Drinking from a Viking drinking horn

No One Questions that Vikings Drank; But Did They Make Wine?


Further evidence that the Vikings weren’t just beer-swilling, raping, and pillaging savages comes out of Denmark with the discovery of two grape seeds that may indicate the Norsemen didn’t just drink but may have even produced that most sophisticated beverage: wine.

It seems not everyone in Viking society was allowed to drink the more refined beverage, but many of them did enjoy their tippling of whatever kind of alcohol they could get. The lower echelons drank beer, which was easier to produce in the northern climate. The higher strata of society apparently enjoyed wine - when they could get it.

Viking drinking horns.

Viking drinking horns. (Mararie/ CC BY SA 2.0)

The question is, was the wine produced locally, or was it imported from France or other parts south? An article on Videnskab.dk explores these questions with interviews of archaeologists involved in the research of the two tiny grape seeds. Botanical archaeologist Peter Steen Henriksen, a curator at Denmark’s National Museum who found the two tiny seeds said:

"This is the first discovery and evidence of viticulture in Denmark, and all that it entails in terms of status and power. We do not know how they used the grapes. Was it just has to put a great bunch of grapes on a table, for example? But it is reasonable to believe that they made the wine."

Dr. Henriksen found the seeds in soil at a distance from each other of about 600 meters (1968.5 ft.), and they grew between 100 and 200 years apart. He mixed the sand and dirt from the settlement of Tissø with water and found plant material, including the grape seeds. The remnants of the settlement are in Zealand.

An analysis of the strontium content in the two seeds proved one of the seeds was grown in Denmark, according to National Museum Professor Karin Margarita Frei. As Professor Frei says:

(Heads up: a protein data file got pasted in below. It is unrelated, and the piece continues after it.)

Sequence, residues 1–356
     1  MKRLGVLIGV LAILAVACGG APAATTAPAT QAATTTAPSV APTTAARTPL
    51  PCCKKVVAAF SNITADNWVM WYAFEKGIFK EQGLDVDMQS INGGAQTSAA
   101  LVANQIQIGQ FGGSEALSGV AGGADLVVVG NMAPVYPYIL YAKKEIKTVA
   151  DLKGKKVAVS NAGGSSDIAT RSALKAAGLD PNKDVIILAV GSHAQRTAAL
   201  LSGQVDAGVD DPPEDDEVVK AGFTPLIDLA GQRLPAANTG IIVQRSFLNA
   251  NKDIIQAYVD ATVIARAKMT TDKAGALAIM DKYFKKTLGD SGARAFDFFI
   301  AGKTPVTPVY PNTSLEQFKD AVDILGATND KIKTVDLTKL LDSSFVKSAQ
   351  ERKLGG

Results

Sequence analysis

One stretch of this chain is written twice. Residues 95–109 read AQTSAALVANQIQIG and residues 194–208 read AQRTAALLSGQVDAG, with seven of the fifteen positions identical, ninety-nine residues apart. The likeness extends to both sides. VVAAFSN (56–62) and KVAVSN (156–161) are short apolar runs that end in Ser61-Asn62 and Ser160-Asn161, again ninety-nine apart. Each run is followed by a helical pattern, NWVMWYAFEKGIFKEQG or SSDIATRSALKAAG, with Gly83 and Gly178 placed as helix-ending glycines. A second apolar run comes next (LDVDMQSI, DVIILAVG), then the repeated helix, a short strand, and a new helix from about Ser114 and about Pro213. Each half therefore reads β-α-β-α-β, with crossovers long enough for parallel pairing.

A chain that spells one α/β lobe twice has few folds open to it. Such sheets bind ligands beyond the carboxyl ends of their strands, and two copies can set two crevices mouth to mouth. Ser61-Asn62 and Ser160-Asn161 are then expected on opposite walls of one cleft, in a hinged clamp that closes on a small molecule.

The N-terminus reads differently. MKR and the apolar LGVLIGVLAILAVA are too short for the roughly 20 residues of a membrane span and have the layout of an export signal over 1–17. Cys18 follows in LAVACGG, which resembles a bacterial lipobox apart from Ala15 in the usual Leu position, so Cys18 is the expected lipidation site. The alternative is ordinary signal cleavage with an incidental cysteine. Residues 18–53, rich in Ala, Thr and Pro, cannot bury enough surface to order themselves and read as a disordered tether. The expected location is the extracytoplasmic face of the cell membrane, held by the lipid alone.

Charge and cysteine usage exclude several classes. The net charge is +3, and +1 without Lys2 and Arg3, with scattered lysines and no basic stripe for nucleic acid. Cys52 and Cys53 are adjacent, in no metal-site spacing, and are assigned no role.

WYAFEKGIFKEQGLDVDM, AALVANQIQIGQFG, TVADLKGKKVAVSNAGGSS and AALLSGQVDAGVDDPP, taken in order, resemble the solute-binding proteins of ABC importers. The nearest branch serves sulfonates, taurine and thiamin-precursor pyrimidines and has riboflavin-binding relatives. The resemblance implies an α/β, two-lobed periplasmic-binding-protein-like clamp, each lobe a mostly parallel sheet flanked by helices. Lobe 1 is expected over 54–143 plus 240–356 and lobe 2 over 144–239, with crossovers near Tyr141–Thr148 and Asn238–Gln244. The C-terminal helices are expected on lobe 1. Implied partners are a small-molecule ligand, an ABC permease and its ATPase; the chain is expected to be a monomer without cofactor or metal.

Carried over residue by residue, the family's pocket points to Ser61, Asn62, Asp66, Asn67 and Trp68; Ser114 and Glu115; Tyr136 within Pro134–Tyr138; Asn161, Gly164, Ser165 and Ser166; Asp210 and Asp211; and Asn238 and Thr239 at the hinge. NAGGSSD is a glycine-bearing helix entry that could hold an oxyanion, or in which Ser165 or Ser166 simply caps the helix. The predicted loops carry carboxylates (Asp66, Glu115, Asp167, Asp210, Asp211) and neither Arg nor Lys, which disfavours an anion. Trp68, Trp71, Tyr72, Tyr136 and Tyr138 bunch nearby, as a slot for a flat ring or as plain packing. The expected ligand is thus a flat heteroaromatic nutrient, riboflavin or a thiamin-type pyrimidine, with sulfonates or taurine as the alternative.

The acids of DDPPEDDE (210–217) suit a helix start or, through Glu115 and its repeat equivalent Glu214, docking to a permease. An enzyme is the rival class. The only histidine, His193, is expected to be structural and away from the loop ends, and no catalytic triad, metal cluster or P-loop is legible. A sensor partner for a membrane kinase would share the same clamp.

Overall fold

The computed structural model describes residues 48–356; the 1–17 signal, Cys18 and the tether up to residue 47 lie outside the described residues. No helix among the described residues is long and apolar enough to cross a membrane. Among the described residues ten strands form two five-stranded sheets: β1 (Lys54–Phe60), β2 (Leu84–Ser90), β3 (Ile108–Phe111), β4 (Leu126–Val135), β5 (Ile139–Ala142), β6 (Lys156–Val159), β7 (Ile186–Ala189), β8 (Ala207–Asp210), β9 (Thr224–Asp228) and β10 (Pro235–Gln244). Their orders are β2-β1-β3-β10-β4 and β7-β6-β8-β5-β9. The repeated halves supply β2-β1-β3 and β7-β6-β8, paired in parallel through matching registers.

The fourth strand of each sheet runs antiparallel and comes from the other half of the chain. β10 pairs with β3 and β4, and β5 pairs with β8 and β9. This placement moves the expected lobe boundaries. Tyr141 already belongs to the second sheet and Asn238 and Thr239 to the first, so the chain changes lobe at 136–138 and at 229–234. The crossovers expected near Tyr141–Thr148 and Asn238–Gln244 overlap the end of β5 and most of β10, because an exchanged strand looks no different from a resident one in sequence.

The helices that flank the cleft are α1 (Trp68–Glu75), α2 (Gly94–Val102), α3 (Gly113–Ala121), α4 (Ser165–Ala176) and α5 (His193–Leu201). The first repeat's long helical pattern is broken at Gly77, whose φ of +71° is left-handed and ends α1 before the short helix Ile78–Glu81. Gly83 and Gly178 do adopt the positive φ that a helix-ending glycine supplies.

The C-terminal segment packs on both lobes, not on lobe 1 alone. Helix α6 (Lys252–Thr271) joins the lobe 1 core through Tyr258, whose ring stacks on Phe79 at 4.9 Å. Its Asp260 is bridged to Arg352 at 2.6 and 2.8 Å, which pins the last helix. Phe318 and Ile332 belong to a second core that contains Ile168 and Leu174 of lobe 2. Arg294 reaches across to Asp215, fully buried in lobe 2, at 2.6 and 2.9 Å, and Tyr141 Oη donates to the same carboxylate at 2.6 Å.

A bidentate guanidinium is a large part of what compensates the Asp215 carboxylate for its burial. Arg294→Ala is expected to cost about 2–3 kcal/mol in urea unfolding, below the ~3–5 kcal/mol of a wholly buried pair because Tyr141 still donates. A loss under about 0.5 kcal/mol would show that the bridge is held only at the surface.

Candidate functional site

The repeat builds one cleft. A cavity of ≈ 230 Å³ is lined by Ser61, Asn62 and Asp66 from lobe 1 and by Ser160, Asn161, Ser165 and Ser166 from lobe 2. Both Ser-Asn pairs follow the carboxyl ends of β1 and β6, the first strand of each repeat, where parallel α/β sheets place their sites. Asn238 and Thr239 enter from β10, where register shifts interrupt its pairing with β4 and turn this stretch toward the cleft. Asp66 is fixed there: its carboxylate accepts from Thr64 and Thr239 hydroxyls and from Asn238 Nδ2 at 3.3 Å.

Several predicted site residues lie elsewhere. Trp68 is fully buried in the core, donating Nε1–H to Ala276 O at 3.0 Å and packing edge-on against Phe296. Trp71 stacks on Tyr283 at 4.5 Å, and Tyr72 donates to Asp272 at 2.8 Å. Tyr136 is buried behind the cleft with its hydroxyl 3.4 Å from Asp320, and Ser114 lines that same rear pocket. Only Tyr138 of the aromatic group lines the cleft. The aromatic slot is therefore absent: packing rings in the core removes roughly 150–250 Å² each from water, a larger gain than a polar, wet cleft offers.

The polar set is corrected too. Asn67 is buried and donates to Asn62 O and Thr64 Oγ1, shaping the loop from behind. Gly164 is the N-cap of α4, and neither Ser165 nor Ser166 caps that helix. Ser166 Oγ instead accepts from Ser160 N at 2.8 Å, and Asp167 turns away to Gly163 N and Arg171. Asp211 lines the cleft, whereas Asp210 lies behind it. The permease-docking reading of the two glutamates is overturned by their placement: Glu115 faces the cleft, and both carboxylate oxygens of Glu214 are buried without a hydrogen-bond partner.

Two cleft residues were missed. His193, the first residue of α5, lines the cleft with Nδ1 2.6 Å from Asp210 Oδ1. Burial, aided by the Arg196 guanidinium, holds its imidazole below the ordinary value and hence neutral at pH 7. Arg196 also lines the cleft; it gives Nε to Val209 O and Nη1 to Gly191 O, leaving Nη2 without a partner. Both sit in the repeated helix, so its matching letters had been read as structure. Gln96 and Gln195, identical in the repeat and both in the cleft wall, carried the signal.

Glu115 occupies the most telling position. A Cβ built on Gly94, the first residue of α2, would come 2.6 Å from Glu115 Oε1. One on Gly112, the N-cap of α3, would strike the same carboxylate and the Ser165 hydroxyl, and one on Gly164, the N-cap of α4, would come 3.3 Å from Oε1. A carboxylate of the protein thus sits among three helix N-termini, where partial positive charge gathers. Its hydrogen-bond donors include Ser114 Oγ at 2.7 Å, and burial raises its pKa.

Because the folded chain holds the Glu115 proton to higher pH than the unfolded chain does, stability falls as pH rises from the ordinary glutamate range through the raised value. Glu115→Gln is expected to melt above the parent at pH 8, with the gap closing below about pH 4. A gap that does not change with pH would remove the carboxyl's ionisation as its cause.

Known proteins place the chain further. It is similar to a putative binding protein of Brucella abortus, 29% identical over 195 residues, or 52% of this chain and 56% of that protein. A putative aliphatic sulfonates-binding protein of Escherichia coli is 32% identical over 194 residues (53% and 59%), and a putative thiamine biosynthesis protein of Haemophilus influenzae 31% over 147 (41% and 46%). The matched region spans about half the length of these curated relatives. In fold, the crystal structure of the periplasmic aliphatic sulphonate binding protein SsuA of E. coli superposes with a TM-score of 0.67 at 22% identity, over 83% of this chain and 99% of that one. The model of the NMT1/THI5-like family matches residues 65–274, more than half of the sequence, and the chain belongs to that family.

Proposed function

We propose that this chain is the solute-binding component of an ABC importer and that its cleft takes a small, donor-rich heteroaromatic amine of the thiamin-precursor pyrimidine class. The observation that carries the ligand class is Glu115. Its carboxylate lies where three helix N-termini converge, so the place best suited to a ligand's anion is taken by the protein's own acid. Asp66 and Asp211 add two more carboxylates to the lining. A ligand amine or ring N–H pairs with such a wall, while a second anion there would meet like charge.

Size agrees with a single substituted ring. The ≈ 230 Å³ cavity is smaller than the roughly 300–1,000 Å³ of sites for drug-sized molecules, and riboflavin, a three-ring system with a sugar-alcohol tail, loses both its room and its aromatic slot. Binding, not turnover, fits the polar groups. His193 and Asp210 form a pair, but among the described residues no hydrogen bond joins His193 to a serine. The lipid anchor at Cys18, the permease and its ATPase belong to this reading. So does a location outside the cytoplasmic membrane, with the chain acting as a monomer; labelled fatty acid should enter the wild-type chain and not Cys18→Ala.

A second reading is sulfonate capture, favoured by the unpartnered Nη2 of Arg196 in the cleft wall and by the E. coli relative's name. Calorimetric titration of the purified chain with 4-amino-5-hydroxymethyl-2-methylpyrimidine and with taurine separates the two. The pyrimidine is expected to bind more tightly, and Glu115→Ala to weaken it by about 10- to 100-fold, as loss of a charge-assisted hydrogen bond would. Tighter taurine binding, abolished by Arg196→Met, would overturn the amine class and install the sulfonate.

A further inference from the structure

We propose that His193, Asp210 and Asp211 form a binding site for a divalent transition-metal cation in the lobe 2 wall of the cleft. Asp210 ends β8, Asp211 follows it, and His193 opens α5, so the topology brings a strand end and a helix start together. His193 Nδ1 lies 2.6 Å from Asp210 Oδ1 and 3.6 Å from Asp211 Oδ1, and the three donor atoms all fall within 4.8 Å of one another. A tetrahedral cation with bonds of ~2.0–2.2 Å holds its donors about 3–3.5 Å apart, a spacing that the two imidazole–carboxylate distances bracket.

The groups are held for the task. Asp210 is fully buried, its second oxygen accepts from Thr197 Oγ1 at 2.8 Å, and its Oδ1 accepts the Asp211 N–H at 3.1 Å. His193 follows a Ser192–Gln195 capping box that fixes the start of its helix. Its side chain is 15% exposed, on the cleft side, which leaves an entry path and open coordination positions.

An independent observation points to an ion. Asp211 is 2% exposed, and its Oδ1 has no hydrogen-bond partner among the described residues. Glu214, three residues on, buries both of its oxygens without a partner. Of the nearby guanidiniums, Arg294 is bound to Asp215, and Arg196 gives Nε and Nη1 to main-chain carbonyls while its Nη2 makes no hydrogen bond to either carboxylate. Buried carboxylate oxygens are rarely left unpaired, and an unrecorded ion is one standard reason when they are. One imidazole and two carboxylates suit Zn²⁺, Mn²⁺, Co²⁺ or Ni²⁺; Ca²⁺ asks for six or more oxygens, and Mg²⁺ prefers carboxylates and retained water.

"We can safely say that it has a local strontium isotope signature, suggesting that it could be a grape grown in Zealand. This means that the first time we can say that they may have produced wine in Denmark. Before we had only conjecture, now we can see that they actually had grapes, and thus potential to make it themselves. Suddenly it becomes much more real.”

Harvesting grapes for wine.

Harvesting grapes for wine. (Public Domain)

The speculation that elites enjoyed wine may be confirmed by the nature of the settlement of Tissø, which the article calls “one of our richest sites from the Viking Age in Denmark. It is an example of how a royal family—or at least something resembling—has manifested itself in the same place for a very long period. It stretches from the late Iron Age to the end of the Viking Age, from 550 to 1050 AD.”

The settlement of Tissø, which was rich and may have been the seat of a Viking monarch, was near this large lake, which is connected to the sea by a river.

The settlement of Tissø, which was rich and may have been the seat of a Viking monarch, was near this large lake, which is connected to the sea by a river. (Vastgoten/CC BY SA 3.0)

Sandie Holst, a co-author of the article explaining the results of the research, published in the Danish Journal of Archaeology, says the wine may have set the elites apart from ordinary people in Viking society. It was like saying, “I can drink wine, and you can only drink beer,” she tells Videnskab.dk.

Top image: Drinking from a Viking drinking horn. (CC BY SA 3.0) Oak wine barrels. (Sanjay Acharya/ CC BY SA 3.0)

By Mark Miller

Comments

so the vikings, weren't only farmers. But also vinters of wine.How well educated were the vikings.Were they more dangerous or vicious than their German cousins.

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